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Infiniti confirms 300kW electrified Q50

Charging ahead: The next-gen Q50 (current generation shown) is set to get an electrified powertrain, similar in concept to Nissan’s Note e-Power.

Series-hybrid without plug-in coming to an Infiniti showroom in 2021

Infiniti logo3 Apr 2018

INFINITI has confirmed that it will launch an electrified Q50 with performance to match its current 298kW 3.0-litre twin-turbo V6 petrol variant, and it will be timed to coincide with the next-generation sedan due in about 2021.

According to Infiniti Motor Company product strategy vice-president Francois Bancon, creating a battery-equipped model that can match the current Q50 Red Sport’s claimed 5.0-second 0-100km/h acceleration time has become a priority – more so than releasing a production version of the Q60 Project Black S, long mooted as a rival for the BMW M3/M4.

“It’s not a secret that we are investigating, only investigating, something in common with Renault Formula One as a kind of top performance car using Formula One technology which is hybrid,” Mr Bancon told GoAuto at the national media launch of the Infiniti QX80 last week.

“But this is still an investigation, we have to validate if it works. So I’m not telling you we are not thinking about it, but we have no short-term plans for this. This is not the highest priority for us at the moment. In this range of time I’m not sure four or five years, but in the next three years we have to shift our portfolio.

“The meaning for performance is not anymore just horsepower, 500 horsepower or 600 horsepower, or zero to 60 miles per hour. It is becoming a lot more sophisticated and this is where energy management comes to the table.

“And performance is a kind of balance now, in the future I hope, between of course a reasonable level of performance but also a sustainable system that takes care of energy and how you use energy.”



 center imageLeft: Infiniti Motor Company product strategy vice-president Francois Bancon

The performance thrust from a Q50 Red Sport replacement would come from an electric motor only, however a front-mounted internal combustion engine (ICE) would be used to recharge the battery pack supplying energy to the system.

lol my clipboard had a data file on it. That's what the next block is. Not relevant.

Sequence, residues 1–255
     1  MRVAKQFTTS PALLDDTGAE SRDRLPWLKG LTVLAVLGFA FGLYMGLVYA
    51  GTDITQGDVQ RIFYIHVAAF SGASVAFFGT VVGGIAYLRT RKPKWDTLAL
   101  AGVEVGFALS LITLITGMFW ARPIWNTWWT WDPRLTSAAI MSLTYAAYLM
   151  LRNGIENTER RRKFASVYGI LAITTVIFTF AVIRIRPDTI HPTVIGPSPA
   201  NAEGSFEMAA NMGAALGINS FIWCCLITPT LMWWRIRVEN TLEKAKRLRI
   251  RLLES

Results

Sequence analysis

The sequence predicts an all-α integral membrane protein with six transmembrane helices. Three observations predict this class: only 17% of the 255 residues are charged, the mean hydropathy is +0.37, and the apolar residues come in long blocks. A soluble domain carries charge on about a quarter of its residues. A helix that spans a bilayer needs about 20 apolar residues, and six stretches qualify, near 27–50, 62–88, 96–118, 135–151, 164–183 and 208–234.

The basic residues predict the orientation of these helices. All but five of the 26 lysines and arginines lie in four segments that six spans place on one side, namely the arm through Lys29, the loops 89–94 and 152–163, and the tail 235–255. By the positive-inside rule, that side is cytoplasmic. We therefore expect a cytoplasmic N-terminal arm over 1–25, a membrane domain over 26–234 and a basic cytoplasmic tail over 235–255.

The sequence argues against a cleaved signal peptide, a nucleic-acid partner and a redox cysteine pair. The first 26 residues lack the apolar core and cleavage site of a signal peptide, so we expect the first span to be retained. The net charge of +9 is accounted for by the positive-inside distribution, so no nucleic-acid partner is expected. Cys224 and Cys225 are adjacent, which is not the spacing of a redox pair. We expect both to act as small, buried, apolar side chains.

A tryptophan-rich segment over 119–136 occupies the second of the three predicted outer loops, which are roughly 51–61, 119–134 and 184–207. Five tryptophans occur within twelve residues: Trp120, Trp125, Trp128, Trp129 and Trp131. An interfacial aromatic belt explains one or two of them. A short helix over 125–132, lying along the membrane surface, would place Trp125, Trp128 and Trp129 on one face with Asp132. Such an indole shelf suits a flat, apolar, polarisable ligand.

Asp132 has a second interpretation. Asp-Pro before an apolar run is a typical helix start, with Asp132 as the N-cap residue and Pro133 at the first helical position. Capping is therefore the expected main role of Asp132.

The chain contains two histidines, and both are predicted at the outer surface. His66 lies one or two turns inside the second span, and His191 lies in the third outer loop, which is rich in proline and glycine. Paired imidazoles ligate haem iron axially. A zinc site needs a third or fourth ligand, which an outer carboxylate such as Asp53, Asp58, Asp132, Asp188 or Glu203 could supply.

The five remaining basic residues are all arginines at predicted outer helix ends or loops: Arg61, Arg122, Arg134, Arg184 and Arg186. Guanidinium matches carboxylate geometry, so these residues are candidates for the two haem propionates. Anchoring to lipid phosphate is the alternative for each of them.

While a series hybrid system is used in the BMW i3 and, previously, the Holden Volt, the Infiniti would not have a plug-in power point option.

It would also be very different from the current Q50 hybrid that blends a 3.5-litre naturally aspirated V6 engine in tandem with an electric motor booster, with the replacement series hybrid powered by a large electric motor and small ICE. And performance would instead match the petrol-only 3.0-litre twin-turbo version.

“The Q50, for example, today you have a V6 twin-turbo with 400hp (298kW), this is what people are used to and this is what the point is to deliver, this is our target,” Mr Bancon confirmed.

“Not so much to go crazy with 500hp or 600hp, but at least to keep our owners having the same performance. The number (298kW) is going to remain about something what we have today (and) we start with our first step of electrification about 2021, so it’s going to be plus/minus six months.”

Asked why the next-generation Q50 would not be available as a plug-in hybrid like virtually its entire competitive set, Mr Bancon replied: “I didn’t propose to go plug-in for this one reason, because with plug in-hybrid the biggest reason is most of the time people who have a plug-in hybrid never plug.

“And if you don’t plug you have the worst system in the world – heavy, ICE dependent, it’s the worst case.”

Mr Bancon described how, despite an owner therefore still having to refill an electric-powered Q50 with unleaded fuel, there were still significant cost and environmental savings to be found.

“The ICE charges the battery so (the efficiency) is quite good,” he said.

“I don’t know the (fuel consumption) number because we are still finalising, but it is good … for a very simple reason.

“When the internal combustion engine doesn’t run the car, you can decide the function (of the ICE), and say decide on constant 3000rpm, so the powertrain is super efficient because in this case it is just for charging.

“The only car we know is a Nissan car, it’s the e-Note in Japan, where we have this technology available, but of course with lower performance as a B-segment car and it has nothing to do with us. But the system is the same.”

Mr Bancon further added that Infiniti would not try to be all things to all people with its electrified powertrains, and it would choose to focus on performance over outright low fuel consumption.

“We have to be selective here,” he continued.

“I’m not pushing a strategy that says we are going with everything and you decide, because we can’t afford it, and on top of this I think it’s not the trend. We have to decide where we are and stick to what we want to deliver.”

The Q Inspiration Concept, shown at January’s Detroit motor show, was tagged as “previewing a new generation of Infiniti vehicles” including the next Q50, Q60 and Q70 set for a 2021 introduction (see separate story).

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